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Original Research

A Nationwide Cohort Study of Parasomnias Among Adolescents

Yu Kinoshita, MDa; Osamu Itani, MD, PhDa,*; Yuichiro Otsuka, MD, PhD, MPHa; Yuuki Matsumoto, MD, PhDa; Sachi Nakagome, MD, PhDa; and Yoshitaka Kaneita, MD, PhDa

Published: July 6, 2021


Objective: To elucidate the incidence rates and predictive factors for parasomnias (disorders of arousal, nightmare, and sleep paralysis) in adolescents.

Methods: This was a prospective cohort study of high school students. In 2010, we conducted a baseline survey of first-year students enrolled in randomly selected Japanese schools (10 junior high schools and 14 senior high schools); 2 years later, a follow-up survey of the same participants was conducted. A self-administered questionnaire inquiring about parasomnias and lifestyles was provided to the students for both surveys. The incidence of new onset of each parasomnia was determined based on the longitudinal survey data obtained at 2 timepoints (ie, baseline and follow-up), separately for the junior and senior high-school students. Moreover, we performed multivariate analyses to identify the predictive factors for new onset of each parasomnia.

Results: 776 junior high school students and 2,697 senior high school students participated in both surveys (total response rate: 61.1%). The incidence rates of disorders of arousal, nightmares, and sleep paralysis during the observation period were 14.0%, 16.2%, and 3.3%, respectively, among junior high school students, and 15.1%, 27.8%, and 6.8%, respectively, among senior high school students. The predictive factors (adjusted odds ratio, P value) for new onset of disorders of arousal were female sex (1.38, .009) and sleep duration of less than 5 hours (1.95, .001). The predictive factors for onset of nightmares were female sex (1.82, < .001), enrollment in senior high school (vs junior high school) (2.14, < .001), poor subjective sleep quality (1.60, .010), and spending less than 2 hours studying after school hours (1.64, .027). The predictive factors for new onset of sleep paralysis were enrollment in senior high school (vs junior high school) (2.39, .002) and poor mental health status (1.98, < .001).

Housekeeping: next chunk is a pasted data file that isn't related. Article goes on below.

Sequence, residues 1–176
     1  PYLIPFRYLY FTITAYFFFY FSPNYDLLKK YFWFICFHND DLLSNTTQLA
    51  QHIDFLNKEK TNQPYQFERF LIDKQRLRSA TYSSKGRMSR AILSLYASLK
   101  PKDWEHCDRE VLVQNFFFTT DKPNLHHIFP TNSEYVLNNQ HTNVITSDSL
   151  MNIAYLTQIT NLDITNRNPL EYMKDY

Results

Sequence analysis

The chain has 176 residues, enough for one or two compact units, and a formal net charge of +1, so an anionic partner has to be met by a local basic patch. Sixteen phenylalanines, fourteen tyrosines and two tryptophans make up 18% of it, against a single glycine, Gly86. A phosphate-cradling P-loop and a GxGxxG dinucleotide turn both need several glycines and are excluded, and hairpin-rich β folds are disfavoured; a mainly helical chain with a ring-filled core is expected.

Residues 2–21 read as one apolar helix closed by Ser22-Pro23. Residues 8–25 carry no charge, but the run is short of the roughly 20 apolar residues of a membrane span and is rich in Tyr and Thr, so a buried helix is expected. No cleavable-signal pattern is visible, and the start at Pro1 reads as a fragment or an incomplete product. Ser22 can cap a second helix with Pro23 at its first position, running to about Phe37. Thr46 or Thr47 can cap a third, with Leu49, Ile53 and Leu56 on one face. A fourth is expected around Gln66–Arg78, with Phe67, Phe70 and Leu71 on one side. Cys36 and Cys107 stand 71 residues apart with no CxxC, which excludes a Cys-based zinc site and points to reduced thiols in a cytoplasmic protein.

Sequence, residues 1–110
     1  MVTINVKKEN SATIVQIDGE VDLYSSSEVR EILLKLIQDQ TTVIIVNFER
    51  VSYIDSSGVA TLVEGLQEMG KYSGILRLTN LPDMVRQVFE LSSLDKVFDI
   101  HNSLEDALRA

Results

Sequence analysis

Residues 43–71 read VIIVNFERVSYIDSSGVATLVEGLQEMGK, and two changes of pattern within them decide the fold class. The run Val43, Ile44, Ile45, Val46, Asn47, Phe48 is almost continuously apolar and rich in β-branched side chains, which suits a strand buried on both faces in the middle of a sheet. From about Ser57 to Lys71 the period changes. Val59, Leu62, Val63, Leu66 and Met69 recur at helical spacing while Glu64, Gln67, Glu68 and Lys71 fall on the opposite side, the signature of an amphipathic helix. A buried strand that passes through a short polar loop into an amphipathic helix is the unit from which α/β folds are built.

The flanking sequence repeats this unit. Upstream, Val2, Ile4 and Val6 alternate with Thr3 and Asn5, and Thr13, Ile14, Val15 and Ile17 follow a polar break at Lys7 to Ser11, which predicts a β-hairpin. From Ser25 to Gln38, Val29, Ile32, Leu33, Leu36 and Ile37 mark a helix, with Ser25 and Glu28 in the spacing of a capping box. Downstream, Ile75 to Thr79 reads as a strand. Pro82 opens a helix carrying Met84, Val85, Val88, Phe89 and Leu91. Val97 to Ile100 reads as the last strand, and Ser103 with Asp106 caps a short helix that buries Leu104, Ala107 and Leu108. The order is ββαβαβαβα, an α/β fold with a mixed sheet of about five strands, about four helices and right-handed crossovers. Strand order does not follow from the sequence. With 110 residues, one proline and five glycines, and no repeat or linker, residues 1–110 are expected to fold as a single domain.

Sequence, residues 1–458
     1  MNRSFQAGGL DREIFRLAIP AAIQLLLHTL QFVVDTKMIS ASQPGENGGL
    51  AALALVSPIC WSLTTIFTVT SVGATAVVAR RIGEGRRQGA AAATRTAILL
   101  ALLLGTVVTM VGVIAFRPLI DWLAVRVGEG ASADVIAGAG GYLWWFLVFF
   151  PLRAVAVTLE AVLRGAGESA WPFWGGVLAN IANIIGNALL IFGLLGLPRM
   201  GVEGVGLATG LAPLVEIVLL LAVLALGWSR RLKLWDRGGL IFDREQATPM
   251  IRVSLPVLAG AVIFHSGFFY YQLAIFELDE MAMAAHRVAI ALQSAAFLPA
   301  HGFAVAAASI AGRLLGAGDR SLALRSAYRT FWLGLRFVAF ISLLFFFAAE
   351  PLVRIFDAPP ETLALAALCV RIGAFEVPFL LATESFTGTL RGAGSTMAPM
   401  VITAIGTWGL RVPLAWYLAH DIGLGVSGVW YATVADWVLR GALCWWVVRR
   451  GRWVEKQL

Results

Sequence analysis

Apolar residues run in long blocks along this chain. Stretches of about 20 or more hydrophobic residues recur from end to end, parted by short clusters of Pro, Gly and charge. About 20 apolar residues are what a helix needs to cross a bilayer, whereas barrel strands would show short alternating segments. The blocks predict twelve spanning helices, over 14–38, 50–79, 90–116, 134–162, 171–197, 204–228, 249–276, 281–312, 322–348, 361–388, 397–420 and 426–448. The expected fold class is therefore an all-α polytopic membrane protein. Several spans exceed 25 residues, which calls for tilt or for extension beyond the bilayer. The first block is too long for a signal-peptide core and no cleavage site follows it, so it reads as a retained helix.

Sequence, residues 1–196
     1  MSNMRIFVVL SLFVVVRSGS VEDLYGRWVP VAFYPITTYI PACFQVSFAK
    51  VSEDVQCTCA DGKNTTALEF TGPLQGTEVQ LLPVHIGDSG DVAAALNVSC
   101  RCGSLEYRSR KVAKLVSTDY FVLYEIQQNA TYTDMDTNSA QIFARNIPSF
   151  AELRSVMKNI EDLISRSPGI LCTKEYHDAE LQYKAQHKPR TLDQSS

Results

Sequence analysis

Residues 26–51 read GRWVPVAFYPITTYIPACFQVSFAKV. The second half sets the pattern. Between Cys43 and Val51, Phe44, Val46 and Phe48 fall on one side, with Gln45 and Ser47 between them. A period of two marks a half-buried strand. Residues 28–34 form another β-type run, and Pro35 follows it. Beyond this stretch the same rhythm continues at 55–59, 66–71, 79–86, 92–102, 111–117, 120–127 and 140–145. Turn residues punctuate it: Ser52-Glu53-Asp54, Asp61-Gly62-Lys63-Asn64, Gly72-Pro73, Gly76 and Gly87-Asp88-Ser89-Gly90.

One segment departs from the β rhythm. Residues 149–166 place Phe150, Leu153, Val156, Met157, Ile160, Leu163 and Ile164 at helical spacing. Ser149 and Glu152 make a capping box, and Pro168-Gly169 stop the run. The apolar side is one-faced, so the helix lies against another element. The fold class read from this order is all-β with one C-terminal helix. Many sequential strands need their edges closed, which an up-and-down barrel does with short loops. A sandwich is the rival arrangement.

Conclusions: Our study results suggest that sleep status, lifestyle, and mental health are predictive factors for new onset of parasomnias in adolescents. These should be key areas of focus in school health services.

Volume: 82

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